Bletchley Park, the site in the UK where WWII code-breaking was done, has a computing museum. The showpiece of that museum is Colossus, one of world’s first computers. (If you pick the right set of adjectives, you can say “first.” Those adjectives are apparently, “electronic” and “programmable.”) It has been rebuilt over the last fourteen years by a dedicated team, who have managed to figure out how it was constructed despite all the plans and actual machines having been dismantled.
Of course, keeping such things running requires cash, and Bletchley Park has been scrambling for it for years now. The BBC reports that IBM and PGP have started a consortium of high-tech companies to help fund the museum, starting with £57,000 (which appears to be what the exchange rate is on $100,000). PGP has also set up a web page for contributions through PayPal at http://www.pgp.com/stationx, and if you contribute at least £25 (these days actually less than $50), you get a limited-edition t-shirt complete with a cryptographic message on it.
An interesting facet of the news is that Bletchley Park is a British site and the companies starting this funding initiative are each American companies. Additionally, while PGP is an encryption company and thus has a connection to Bletchley Park as a codebreaking organization, one of the major points that PGP and IBM are making is that Bletchley Park is indeed a birthplace (if not the birthplace) of computing in general.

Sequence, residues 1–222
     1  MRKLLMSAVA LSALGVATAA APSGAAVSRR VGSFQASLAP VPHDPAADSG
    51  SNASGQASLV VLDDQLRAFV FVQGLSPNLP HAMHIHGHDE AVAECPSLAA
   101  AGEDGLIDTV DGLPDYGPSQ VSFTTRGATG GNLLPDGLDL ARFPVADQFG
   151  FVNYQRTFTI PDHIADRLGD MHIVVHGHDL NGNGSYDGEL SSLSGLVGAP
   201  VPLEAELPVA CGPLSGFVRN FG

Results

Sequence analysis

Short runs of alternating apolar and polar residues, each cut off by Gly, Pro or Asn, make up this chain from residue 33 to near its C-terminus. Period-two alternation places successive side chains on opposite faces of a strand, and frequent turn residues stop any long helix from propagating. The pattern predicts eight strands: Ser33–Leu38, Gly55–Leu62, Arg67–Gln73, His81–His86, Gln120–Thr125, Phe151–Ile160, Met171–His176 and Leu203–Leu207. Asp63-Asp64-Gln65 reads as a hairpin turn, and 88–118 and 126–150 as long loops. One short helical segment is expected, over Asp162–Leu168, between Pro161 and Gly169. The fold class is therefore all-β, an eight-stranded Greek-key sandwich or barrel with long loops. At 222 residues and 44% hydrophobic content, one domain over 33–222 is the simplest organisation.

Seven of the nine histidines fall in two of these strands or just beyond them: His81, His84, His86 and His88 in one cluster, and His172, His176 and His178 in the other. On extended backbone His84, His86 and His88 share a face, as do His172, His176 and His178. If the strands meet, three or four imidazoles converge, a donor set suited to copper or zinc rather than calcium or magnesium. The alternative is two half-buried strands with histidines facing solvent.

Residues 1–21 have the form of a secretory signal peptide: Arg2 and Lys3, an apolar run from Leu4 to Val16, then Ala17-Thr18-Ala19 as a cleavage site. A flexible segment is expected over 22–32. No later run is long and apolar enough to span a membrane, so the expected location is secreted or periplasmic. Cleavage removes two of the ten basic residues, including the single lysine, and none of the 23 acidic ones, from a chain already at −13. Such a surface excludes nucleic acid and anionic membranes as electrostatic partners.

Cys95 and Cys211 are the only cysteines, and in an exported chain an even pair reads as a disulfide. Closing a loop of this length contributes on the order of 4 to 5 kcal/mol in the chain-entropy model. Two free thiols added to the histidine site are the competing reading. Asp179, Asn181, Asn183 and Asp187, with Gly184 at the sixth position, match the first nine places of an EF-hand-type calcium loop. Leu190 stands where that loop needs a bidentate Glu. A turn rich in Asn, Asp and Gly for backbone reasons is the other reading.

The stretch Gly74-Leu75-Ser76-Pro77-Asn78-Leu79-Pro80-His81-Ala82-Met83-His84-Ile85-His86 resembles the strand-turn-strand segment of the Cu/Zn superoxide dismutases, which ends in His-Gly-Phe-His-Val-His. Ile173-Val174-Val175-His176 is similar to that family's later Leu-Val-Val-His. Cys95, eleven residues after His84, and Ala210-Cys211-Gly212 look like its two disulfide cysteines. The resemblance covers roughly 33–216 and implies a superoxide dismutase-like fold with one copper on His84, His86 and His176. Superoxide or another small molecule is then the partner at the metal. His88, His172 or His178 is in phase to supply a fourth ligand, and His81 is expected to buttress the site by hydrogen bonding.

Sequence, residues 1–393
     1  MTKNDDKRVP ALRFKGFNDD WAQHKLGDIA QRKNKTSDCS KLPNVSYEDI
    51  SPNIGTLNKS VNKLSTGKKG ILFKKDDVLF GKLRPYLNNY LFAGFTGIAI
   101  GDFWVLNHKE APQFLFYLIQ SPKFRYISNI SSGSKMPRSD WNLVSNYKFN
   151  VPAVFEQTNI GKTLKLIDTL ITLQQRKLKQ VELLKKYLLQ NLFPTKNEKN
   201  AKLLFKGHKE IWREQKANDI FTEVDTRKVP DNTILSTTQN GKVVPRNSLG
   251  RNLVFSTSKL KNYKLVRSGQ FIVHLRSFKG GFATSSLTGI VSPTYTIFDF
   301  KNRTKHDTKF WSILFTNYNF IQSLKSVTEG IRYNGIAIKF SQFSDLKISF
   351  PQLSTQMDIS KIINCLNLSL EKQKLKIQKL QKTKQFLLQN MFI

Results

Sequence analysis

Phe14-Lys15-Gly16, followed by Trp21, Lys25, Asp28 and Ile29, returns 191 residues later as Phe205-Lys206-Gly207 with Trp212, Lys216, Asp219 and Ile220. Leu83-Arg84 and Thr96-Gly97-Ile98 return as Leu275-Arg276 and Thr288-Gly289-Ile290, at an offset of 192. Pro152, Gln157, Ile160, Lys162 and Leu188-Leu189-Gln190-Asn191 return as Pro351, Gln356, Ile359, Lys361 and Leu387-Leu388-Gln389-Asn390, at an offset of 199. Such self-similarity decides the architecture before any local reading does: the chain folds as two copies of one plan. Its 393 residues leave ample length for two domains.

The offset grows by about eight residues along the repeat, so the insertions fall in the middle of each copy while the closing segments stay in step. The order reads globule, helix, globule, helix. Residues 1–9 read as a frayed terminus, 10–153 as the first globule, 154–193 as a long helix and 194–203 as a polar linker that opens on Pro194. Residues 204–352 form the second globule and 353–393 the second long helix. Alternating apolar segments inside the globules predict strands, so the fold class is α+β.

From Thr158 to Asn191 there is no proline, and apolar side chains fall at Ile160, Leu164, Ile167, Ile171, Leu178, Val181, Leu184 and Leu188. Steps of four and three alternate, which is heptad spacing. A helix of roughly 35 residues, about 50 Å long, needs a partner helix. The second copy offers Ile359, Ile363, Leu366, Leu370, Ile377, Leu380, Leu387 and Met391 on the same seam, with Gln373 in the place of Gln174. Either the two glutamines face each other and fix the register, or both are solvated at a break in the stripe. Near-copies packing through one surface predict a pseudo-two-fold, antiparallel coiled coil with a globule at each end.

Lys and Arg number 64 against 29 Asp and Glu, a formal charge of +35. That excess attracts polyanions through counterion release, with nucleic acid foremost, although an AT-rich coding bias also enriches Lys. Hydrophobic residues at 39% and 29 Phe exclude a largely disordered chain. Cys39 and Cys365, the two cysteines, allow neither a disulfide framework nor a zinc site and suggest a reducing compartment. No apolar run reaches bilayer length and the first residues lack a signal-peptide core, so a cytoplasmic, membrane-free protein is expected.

This is an interesting viewpoint, particularly if you consider the connection of Alan Turing himself. Turing’s impact on computing in general is more than his specific contributions to computers — he was a mathematician far more than an engineer. He was involved in designing Colossus, but the real credit goes to Tommy Flowers, who actually built the thing.
If we look at the history of computing, an interesting thing seems to have happened. The Allies built Colossus during the war, and then when the war ended agreed to forget about it. The Colossi were all smashed, but many people involved went elsewhere and took what they learned from Colossus to make all the early computers that seemed to have names that end in “-IAC.”
(A major exception is the work of Konrad Zuse, who not only built mechanical programmable computers before these electronic ones, but some early electronic ones, as well.)
This outgrowth from Colossus also seems to include the work that turned IBM from being a company that primarily made punched cards and typewriters to one that made computers. It is thus nice to see IBM the computing giant pointing to Colossus and Bletchley as a piece of history worth saving along with the cryptographers at PGP. It is their history, too.
I think this dual parentage makes Bletchley Park doubly worth saving. The information economy has computers and information security at its core, and Colossus sits at the origins of both. Please join us in helping save the history of the information society.